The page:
1st Lt. Donald Barton, of Canandaigua, was named the 2019 inductee into the state Senate Veterans Hall of Fame from the 54th District.
Barton served in the Army Air Corps during World War II. He was nominated for the Veterans Hall of Fame by Adrienne O’Brien and Milan and Barbara Kutner, and he was honored at the Ontario County veterans recognition ceremony in 2018.
“The New York Senate Veterans Hall of Fame was created to honor and recognize outstanding veterans from the Empire State who have distinguished themselves both in military and civilian life,” said state Sen. Pam Helming, R-54th District. “1st Lt. Donald Barton certainly fits that description with his heroic and courageous service during WWII, as well as his tremendous leadership as a member of the ‘greatest generation.’ 1st Lt. Barton is the epitome of a veteran dedicated to his country and his community, and he is worthy of this prestigious honor.”
A college junior at the time, Barton joined the Army Air Corps Reserve after the attack on Pearl Harbor. He was called up for navigation and bombardier training. He served from April 1942 to December 1945. In February-July 1944, he served as lead bombardier on 12 of 19 successful B-17 combat missions of the 457th Bomb Group, 369th Bomb Squadron, 8th Air Force. He and his crew were based in Peterborough, England.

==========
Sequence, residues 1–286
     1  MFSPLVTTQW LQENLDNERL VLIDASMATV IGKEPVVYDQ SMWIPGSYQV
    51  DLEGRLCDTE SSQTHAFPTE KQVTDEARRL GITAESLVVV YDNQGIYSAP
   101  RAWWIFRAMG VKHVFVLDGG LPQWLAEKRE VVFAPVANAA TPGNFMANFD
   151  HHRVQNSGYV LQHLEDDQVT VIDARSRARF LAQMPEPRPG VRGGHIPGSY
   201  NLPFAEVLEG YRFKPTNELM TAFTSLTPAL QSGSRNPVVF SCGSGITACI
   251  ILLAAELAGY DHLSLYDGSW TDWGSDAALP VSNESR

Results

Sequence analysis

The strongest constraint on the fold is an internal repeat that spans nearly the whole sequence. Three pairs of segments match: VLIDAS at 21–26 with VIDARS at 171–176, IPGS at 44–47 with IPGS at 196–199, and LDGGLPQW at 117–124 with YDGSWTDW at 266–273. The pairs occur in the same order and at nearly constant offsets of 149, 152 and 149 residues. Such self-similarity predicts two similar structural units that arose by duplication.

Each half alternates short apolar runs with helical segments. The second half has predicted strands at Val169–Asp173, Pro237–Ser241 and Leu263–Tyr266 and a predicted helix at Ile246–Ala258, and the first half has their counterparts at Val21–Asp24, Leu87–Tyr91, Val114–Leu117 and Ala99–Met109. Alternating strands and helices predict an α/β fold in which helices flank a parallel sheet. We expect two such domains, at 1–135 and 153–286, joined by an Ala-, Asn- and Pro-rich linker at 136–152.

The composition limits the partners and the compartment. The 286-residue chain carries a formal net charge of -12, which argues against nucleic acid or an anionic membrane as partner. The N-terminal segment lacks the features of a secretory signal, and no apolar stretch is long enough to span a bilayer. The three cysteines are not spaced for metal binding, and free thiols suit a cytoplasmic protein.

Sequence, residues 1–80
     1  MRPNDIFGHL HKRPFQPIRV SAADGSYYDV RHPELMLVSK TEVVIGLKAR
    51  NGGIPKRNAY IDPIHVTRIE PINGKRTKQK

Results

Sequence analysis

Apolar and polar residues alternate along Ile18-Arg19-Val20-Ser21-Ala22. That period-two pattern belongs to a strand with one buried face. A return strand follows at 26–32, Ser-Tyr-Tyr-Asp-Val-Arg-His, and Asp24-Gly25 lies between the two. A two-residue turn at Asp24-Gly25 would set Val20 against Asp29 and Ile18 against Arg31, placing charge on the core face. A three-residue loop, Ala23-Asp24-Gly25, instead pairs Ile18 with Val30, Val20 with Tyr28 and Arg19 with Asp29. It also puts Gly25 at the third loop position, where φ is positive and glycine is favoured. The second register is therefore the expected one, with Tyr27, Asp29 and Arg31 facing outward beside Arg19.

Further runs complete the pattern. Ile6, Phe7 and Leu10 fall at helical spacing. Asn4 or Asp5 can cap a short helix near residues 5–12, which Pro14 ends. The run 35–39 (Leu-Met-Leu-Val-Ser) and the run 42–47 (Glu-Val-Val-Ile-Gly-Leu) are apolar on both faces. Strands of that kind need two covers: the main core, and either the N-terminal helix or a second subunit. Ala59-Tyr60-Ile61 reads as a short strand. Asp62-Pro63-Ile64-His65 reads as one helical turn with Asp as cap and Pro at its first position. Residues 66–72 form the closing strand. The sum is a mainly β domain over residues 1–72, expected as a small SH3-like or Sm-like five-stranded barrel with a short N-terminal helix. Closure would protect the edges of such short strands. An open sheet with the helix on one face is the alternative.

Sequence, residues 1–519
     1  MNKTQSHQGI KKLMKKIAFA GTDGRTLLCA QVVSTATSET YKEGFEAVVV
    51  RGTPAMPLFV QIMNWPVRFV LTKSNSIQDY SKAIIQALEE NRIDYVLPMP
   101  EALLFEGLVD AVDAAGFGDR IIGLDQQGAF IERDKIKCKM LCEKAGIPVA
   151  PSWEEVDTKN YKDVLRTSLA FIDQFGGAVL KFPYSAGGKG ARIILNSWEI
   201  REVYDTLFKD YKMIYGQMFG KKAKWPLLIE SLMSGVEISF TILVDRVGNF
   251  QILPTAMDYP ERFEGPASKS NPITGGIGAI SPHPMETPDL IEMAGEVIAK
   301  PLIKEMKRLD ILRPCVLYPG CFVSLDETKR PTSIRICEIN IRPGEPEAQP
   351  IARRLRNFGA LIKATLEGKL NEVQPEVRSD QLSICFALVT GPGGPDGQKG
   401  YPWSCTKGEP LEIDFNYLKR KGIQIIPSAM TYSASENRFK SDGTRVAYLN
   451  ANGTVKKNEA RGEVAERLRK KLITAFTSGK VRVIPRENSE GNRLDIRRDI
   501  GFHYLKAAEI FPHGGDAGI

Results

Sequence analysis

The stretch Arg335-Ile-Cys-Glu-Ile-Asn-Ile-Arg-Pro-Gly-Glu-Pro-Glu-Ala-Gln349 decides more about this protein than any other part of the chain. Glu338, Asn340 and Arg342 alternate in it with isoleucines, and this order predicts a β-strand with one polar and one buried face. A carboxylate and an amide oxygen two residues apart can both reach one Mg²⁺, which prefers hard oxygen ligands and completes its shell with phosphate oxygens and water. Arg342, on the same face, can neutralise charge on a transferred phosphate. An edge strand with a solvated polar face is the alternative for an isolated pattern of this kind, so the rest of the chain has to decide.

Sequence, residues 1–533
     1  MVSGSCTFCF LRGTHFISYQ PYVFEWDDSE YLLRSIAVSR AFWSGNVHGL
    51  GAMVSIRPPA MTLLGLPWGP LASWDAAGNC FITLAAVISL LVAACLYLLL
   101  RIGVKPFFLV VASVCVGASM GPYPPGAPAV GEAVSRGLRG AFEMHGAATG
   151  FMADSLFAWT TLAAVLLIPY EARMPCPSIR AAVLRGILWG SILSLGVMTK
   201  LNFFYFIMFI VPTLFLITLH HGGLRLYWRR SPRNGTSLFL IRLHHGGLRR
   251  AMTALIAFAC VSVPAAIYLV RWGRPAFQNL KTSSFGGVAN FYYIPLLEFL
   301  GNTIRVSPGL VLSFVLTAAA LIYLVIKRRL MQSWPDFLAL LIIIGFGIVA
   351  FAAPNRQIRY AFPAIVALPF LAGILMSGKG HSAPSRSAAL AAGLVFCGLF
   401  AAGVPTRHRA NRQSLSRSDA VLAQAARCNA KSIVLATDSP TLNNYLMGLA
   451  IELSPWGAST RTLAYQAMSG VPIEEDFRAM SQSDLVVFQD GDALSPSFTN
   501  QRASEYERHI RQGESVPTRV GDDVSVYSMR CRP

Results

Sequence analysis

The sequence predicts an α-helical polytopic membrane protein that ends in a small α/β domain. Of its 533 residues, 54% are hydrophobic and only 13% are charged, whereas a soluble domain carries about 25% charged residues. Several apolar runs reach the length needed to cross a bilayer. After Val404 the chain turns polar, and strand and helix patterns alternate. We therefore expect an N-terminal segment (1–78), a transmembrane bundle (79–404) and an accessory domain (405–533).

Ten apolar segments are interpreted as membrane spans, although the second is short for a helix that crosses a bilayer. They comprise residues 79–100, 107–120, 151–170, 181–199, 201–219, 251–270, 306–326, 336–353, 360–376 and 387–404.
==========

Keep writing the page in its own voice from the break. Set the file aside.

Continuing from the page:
Among his missions in occupied France were Melun, Lille and Pointe du Hoc on D-Day. A week after D-Day, on June 14, 1944, he was lead bombardier on a mission to destroy gasoline storage tanks close to the Rouen Cathedral. His skill preserved the historic cathedral, leaving it untouched. This brought him a commendation from the general of his bomber wing.
On his 20th mission, Barton was the lead bombardier of a 36-plane wing over Augsburg, Germany. His plane was shot down by Messerschmitt fighter aircraft on July 19, 1944, and four of the crew members did not survive. Barton landed on an Austrian Alp, broke both bones in one leg and dislocated his ankle. He was captured by the Germans and held captive in Stalag Luft 1 for almost a year. Toward the end of the war, he and the 9,000 prisoners there lived on a starvation diet. For his service, he earned the Air Medal with three clusters, the Purple Heart with two clusters and the Prisoner of War Medal.